By Amanda Gesiorski, Texas Collection graduate assistant and museum studies graduate student
As impressive as the recent movie Unbroken may be, a better story about a WWII prisoner of war can be found within the Onnie E. Clem, Jr. papers. Not only do we learn about Onnie’s harrowing experience overseas, but we also get a firsthand account of his passionate love affair with his future wife, Julie.
Onnie E. Clem, Jr. was born in Dallas, Texas, and joined the United States Marine Corps in 1938 to see the world. He became a radio operator and was stationed in Peking, China, at the US Embassy. When the United States entered World War II, Onnie took part in the battles of the Bataan and was part of the Bataan Death March. Onnie survived the march only to become a POW at Camp O’ Donnell and Cabanatuan for two and a half years.
On August 19, 1944, Onnie was put into the hull of a Japanese “hell ship” with 750 other American prisoners. Nineteen days later, the ship was hit by an American torpedo. As the ship was sinking, the Japanese tossed a grenade into the hull and shot Americans as they tried to escape. Although injured from the torpedo and shot by the Japanese, Onnie managed to escape and swim three miles to shore, where he was rescued by Filipino guerilla fighters. Onnie was one of only 83 known survivors of this incident. By September 1944, Onnie was on his way back home. A transcribed interview with Onnie from 1972 reveals this harrowing experience.
Onnie’s story does not end there, though. Things heat up when Onnie arrives in San Diego, California, where he meets Staff Sergeant “Julie” Cecile Lorraine Julian, who was a member of the United States Marine Corps Women’s Reserve (USMCWR). She served as secretary to the general in charge of public relations along the west coast in San Diego and later at the office in San Francisco.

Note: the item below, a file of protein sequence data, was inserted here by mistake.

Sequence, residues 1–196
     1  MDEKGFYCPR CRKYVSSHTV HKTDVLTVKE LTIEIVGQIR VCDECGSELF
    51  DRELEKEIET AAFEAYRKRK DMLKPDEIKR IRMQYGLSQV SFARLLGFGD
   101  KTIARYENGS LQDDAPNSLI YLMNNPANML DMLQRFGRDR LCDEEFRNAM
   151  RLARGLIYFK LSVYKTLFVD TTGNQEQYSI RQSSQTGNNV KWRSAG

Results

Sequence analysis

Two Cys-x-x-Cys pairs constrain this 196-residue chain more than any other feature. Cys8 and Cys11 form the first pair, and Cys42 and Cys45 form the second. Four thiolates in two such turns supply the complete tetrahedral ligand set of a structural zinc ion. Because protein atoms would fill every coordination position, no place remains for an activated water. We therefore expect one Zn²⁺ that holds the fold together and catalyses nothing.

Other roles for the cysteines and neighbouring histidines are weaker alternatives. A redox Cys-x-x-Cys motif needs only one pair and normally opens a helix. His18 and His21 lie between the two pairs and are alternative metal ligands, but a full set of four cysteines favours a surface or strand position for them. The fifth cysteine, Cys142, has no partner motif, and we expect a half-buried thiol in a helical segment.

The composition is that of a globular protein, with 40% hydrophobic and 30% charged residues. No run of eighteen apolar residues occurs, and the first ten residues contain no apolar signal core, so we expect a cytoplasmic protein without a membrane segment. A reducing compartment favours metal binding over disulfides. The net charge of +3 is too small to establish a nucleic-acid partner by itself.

Julie’s office coordinated Onnie’s war bond tour in California. When Onnie walked into her office one day, there was an instant attraction. The couple had a whirlwind romance, and when Onnie returned home to Texas in November 1944, there was a passionate exchange of letters. In these letters, we learn about Julie and Onnie’s relationship as well as their social and work lives. We get a glimpse of Julie’s romantic history with other soldiers, and Onnie’s attempt to re-assimilate into civilian life. We also learn that upon returning home, Onnie is plagued by a constant stream of inquiries from people wanting to know if he has news about their loved ones. Also woven within these letters is the life of Onnie’s fellow escapee, Verks D. Cutter, and Cutter’s wife Janet Elliot, including their secret marriage. While Julie, Janet, Onnie, and Verks are friends at the beginning, as the letters continue we learn about a falling out between them. Onnie and Julie marry on July 13, 1945, and move to Texas, where they work and raise two children.
Onnie joined the Marines to see the world, and in that he succeeded—his papers tell that story. The Onnie E. Clem, Jr. papers read like a novel full of passion and drama, but they also provide a unique historical insight into the daily personal, professional, and social lives of two Marines during WWII.